Learn to Hunt
Report Your Harvest
Current Fishing Report
Taking Kids Fishing
Iowa's natural resources plates include the state bird and flower, pheasant, eagle, buck and a Brook trout. Support conservation in Iowa by buying a natural resource plate for your vehicle.
Natural Resource Plates
Experience Iowa's natural beauty and all the fun our state parks offer. Make your online reservation for state park cabins, camping sites, shelters and lodges.
Support conservation in Iowa by buying a natural resource plate for your vehicle.
Natural Resource Plates
Iowa DNR Customer Service
Mon - Fri, 8:00am - 4:30pm CST
Submit Online Inquiry
Information / Records Requests
Contact Information by County
Press/Media inquiries: PIO@dnr.iowa.gov
Kellerton, Iowa - The haunting coos begin before the sunrise as dark shapes appear on the lek, seemingly out of nowhere. Jumping, charging and sparring – this is serious competition among male prairie chickens to show their worthiness as mates to the females watching nearby.
This ancient ritual is repeated each spring on the short grass booming ground that is part of the Kellerton Bird Conservation Area, in Ringgold County. Kellerton was among a handful of public areas where prairie chickens from Kansas were released in the late 1980s and early 1990s as part of a reintroduction effort. It is currently home to Iowa’s only prairie chicken population.
The area received nearly 500 additional birds from Nebraska from 2012-2017 to diversify the genetics and give the population a boost.
Between the Kellerton area and the Dunn Ranch, just across the border in Missouri, there are between 100-150 prairie chickens that call the Grand River Grasslands home. The habitat is managed through a partnership between The Nature Conservancy, Missouri Department of Conservation and the Iowa Department of Natural Resources (DNR).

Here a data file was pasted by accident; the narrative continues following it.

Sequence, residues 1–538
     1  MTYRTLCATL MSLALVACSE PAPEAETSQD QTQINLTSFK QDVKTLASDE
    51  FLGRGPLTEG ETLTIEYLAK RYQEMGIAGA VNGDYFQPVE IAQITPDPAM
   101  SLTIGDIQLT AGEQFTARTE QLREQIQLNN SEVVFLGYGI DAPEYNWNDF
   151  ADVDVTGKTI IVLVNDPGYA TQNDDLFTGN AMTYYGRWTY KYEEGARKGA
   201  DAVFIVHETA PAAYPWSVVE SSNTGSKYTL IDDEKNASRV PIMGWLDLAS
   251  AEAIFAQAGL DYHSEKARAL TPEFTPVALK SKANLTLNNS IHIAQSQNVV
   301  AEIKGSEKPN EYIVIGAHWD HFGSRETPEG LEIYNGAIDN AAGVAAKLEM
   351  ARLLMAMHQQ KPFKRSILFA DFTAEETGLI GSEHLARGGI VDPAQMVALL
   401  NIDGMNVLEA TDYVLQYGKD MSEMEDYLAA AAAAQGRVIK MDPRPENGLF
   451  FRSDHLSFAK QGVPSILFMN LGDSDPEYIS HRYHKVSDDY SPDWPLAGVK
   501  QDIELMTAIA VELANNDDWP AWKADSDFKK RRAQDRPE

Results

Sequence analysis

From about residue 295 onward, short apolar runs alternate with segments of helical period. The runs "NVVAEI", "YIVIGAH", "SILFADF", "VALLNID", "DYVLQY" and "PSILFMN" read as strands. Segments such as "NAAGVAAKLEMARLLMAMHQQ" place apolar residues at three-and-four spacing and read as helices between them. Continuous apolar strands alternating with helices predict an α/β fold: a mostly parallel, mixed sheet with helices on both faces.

A lot of habitat work has been done on these areas and on private lands nearby, with the goal of creating expansive treeless grasslands necessary for the prairie chickens to survive.
“Ideally, we’d like to have 800 birds here, which would make it a sustainable population but we’re nowhere near that,” said Stephanie Shepherd, wildlife biologist with the Iowa DNR’s Wildlife Diversity Program. “Prairie chickens are like other ground nesting birds that struggle with cool wet springs, and icy winters, and the weather just is not cooperating for prairie chickens to thrive.”
While the habitat focus was intended for prairie chickens, a secondary benefit is to grassland birds that require similar expansive habitats. With all the improvements on and near Kellerton, the area was the first Bird Conservation Area dedicated in Iowa and it has been recognized as a Globally Important Bird Area for grassland birds
Prairie Chicken Day Sunrise, April 9
After a two-year hiatus, the popular Prairie Chicken Day has returned.
The Iowa DNR is hosting a prairie chicken viewing day on April 9, beginning at sunrise at the viewing platform, west of the main lek, on the Kellerton Bird Conservation Area. The DNR will have staff available to answer questions and additional spotting scopes to see the birds.
“The prairie chickens are most active and visible from middle March through middle April, and they boom at sunrise and again sunset,” said Shepherd. “Sunset offers better viewing because the platform faces east so the sun will be at your back but there may not be as many birds as there are in the morning.”
There is no cost to attend.